Also, statistics collected by the Environmental Protection Agency (EPA) from 1901-2015 found the precipitation levels in the contiguous 48 states had gone up by 0.17 inches per decade. The EPA notes the increase is expected because rainfall totals tend to go up as the Earth’s surface temperatures rise and additional evaporation occurs.
The EPA’s measurements about surface temperature indicate for the same timespan mentioned above for precipitation, the temperatures have gotten 0.14 Fahrenheit hotter per decade. Also, although the global surface temperature went up by 0.15 Fahrenheit during the same period, the temperature rise has been faster in the United States compared to the rest of the world since the 1970s.
Severe Storms Cause a Loss of Productivity
Many people don’t immediately think of one important factor when discussing the aftermath of natural disasters: the adverse impact on productivity. Businesses and members of the workforce in Houston, Miami and other cities hit by Hurricanes Harvey and Irma suffered losses that may total between $150-200 billion when both damage and sacrificed productivity are accounted for, according to estimates from Moody’s Analytics.
Some workers who decide to leave their homes before storms arrive delay returning after the immediate danger has passed. As a result of their absences, a labor-force shortage may occur. News sources posted stories highlighting that the Houston area might not have enough construction workers to handle necessary rebuilding efforts after Hurricane Harvey.
It’s not hard to imagine the impact heavy storms could have on business operations. However, companies that offer goods to help people prepare for hurricanes and similar disasters often find the market wants what they provide. While watching the paths of current storms, people tend to recall storms that took place years ago and see them as reminders to get prepared for what could happen.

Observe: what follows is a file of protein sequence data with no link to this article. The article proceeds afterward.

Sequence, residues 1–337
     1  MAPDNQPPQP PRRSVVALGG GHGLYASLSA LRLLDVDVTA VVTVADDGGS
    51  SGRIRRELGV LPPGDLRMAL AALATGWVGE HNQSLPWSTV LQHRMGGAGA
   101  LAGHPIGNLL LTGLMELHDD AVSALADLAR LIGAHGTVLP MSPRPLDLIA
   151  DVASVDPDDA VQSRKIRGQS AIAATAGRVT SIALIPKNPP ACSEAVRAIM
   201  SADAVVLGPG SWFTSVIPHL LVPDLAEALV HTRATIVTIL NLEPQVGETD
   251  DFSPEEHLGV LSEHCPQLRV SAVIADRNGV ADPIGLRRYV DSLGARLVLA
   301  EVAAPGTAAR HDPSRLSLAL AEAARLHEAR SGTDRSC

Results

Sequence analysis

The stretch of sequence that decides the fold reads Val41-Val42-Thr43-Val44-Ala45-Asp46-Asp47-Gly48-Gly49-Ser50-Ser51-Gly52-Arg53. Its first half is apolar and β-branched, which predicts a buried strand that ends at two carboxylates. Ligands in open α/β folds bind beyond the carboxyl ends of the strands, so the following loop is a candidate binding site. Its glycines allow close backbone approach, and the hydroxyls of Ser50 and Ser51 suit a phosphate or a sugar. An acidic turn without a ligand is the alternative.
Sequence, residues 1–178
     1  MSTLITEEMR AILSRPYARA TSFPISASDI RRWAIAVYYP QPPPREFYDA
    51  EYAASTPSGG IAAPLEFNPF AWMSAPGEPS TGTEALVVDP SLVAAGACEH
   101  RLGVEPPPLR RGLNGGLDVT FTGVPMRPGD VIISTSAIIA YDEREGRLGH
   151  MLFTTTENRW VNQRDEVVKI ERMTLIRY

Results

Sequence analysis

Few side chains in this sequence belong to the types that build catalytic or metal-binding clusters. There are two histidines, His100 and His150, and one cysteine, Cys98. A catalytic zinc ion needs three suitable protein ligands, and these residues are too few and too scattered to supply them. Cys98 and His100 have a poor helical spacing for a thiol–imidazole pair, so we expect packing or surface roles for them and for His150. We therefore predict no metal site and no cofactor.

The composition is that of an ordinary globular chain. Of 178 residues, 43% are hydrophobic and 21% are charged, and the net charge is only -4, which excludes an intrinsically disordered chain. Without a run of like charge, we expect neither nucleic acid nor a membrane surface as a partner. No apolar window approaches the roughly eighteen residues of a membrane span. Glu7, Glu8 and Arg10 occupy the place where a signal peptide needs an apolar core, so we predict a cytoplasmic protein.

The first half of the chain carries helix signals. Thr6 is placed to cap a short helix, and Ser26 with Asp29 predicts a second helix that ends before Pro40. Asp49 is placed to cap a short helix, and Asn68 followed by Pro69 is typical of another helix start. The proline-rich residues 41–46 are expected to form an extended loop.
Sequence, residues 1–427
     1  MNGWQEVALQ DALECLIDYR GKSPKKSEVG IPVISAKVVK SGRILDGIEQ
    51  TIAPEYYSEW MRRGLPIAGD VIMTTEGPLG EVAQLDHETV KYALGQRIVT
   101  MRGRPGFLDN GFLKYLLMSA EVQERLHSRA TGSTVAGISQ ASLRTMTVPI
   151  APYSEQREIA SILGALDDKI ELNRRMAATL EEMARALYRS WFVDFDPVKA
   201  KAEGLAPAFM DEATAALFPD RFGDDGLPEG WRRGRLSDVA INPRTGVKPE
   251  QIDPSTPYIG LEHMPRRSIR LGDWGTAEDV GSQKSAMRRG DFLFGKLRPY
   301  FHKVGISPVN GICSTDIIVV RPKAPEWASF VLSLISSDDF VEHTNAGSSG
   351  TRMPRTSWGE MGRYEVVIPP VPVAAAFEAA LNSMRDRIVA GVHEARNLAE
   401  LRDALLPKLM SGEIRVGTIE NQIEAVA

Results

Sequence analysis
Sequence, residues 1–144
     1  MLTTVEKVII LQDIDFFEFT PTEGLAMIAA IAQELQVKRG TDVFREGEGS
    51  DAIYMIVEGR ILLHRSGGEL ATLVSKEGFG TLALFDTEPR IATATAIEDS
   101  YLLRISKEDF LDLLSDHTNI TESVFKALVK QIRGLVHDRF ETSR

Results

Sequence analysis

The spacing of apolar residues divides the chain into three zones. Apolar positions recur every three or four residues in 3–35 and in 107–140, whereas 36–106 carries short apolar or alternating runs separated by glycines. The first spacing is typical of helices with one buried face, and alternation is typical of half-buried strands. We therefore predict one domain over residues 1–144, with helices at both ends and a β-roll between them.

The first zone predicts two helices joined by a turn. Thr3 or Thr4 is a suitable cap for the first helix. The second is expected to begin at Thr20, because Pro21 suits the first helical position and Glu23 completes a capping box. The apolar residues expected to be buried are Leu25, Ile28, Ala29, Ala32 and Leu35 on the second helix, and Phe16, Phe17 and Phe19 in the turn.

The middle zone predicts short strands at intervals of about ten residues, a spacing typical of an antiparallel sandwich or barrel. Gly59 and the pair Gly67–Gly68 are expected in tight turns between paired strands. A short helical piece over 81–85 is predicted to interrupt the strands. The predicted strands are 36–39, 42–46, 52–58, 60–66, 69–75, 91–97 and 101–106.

Longer and More Disastrous Wildfires Require More Resources to Fight
The wildfires that ripped through millions of acres in the western region of the United States this year also made substantial contributions to the 2017 disaster-related expenses. The U.S. Forest Service, which is within the U.S. Department of Agriculture, reported 2017 as its costliest year ever and saw total expenditures exceeding $2 billion.
The agency anticipates the costs will grow, especially when they take past data into account. In 1995, the U.S. Forest Service spent 16 percent of its annual budget for wildfire-fighting costs, but in 2015, the amount ballooned to 52 percent. The sheer number of wildfires last year didn’t help matters either. Between January 1 and November 24 last year, 54,858 fires broke out.
2017: Among the Three Hottest Years Recorded
People cause the majority of wildfires, but climate change acts as another notable contributor. In addition to affecting hurricane intensity, rising temperatures help fires spread and make them harder to extinguish.
Data collected by the National Interagency Fire Center and published by the EPA highlighted a correlation between the largest wildfires and the warmest years on record. The extent of damage caused by wildfires has gotten worse since the 1980s, but became particularly severe starting in 2000 during a period characterized by some of the warmest years the U.S. ever recorded.
Things haven’t changed for the better, either. In mid-December of 2017, the World Meteorological Organization released a statement announcing the year would likely end as one of the three warmest years ever recorded. A notable finding since the group looks at global land and ocean temperature, not just statistics associated with the United States.
Not all the most financially impactful weather events in 2017 were hurricanes and wildfires. Some of the other issues that cost over $1 billion included a hailstorm in Colorado, tornados in several regions of the U.S. and substantial flooding throughout Missouri and Arkansas.
Although numerous factors gave these natural disasters momentum, scientists know climate change was a defining force — a reality that should worry just about everyone.
How to be More eco-Responsible in 2018